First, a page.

Press Release WHO/26
19 February 1998
WHO DID NOT BOW TO POLITICAL PRESSURE IN PUBLISHING A REPORT ON CANNABIS
Contrary to what is claimed in the latest issue of the magazine New Scientist, the World Health Organization (WHO) did not "bow to political pressure" and expunge from a recent report an analysis indicating that cannabis would be safer than alcohol or tobacco.
This document, entitled "Cannabis: a health perspective and research agenda", was published as a result of an Expert Working Group on Health Effects of Cannabis Use, which met in Geneva in May 1995.
The information contained in the final report reflects a summary of those aspects of the background papers which were considered to be scientifically sound. Section 13 refers to the analysis of the possibilities of comparing licit drugs, such as alcohol and tobacco, with cannabis. However, the consensus was that due to lack of reliable epidemiological studies such comparisons were more speculative than scientific.
There was therefore no attempt to hide any information, and the decision not to include such a comparison in the final report was based on scientific judgement and had nothing to do with political pressure.
WHO is concerned about the negative health consequences of all psychoactive substances independent from their legal status. It is known that there are 1,1 billion tobacco users in the world and that 3,5 million people die every year because of tobacco. It is also known that alcohol causes at least three quarters of a million deaths every year and that the overall harm it causes in societies is enormous. With regard to cannabis, such global assessments are not possible due to the lack of reliable information. It is obvious, however, that the use of cannabis causes a number of health problems and that an increase in its use would make the situation worse.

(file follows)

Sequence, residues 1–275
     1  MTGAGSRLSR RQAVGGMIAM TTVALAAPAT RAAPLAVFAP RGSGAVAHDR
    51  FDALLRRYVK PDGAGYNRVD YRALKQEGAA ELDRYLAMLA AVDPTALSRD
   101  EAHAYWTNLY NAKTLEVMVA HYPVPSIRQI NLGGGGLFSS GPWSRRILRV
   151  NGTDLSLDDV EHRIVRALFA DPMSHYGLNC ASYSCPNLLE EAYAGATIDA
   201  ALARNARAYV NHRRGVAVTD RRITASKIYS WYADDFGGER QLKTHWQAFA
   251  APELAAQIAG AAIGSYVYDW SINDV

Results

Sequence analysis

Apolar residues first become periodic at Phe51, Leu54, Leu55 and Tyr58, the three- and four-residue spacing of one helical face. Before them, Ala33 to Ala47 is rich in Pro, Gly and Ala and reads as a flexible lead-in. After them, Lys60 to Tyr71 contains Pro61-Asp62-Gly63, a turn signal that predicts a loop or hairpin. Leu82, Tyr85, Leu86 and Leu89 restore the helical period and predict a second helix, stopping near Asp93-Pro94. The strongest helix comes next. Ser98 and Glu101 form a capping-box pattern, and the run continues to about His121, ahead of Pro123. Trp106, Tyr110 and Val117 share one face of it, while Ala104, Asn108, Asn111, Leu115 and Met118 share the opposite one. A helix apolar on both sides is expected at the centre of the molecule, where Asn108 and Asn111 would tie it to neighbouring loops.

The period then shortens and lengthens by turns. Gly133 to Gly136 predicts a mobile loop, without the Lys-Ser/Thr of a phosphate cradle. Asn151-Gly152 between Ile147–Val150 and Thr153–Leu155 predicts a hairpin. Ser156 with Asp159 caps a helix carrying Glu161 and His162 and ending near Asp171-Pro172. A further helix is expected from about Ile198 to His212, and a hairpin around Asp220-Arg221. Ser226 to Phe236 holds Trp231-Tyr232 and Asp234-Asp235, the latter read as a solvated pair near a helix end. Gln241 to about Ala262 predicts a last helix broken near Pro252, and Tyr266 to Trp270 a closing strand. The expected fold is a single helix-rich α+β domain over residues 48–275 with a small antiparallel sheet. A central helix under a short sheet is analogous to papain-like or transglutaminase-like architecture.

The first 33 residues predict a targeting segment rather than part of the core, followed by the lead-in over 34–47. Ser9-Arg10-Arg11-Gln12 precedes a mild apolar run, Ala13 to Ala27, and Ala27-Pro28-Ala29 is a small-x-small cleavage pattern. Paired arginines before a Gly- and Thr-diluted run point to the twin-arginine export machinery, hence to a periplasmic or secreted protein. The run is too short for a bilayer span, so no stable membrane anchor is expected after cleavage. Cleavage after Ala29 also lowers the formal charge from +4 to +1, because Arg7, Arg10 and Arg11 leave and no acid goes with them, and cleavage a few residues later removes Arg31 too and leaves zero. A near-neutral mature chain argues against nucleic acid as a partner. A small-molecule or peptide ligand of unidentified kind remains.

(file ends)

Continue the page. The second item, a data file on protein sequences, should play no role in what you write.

The background paper entitled A comparative appraisal of the health and psychological consequences of alcohol, cannabis, nicotine and opiate use, whose conclusions were dropped from the summary report, contained several contradictions and conclusions which were not scientifically sound. For example, it says: "... we have not attempted to provide estimates of the health risks of cannabis if its prevalence of use were to approach those of alcohol and tobacco. All that can be said with any confidence is that if the prevalence of cannabis use increased to the levels of cigarette smoking and alcohol use, its public health impact would increase. It is impossible to say by how much with any precision."
Yet the authors finish their paper by stating : "there are good reasons for saying that [cannabis] would be unlikely to seriously rival the public health risks of alcohol and tobacco even if as many people used cannabis as now drink alcohol or smoke tobacco".
Both the background paper and the report are available upon request from the Division of Mental Health and Substance Abuse, WHO, Geneva, tel. (41 22) 791 4791.
For further information, journalists can contact Philippe Stroot, Coordinator Media Relations, WHO, Geneva. Telephone (41 22) 791 25 35, Fax (41 22) 791 48 58. E-mail firstname.lastname@example.org
All WHO Press Releases, Fact Sheets and Features as well as other information on this subject can be obtained on Internet on the WHO home page http://www.who.int/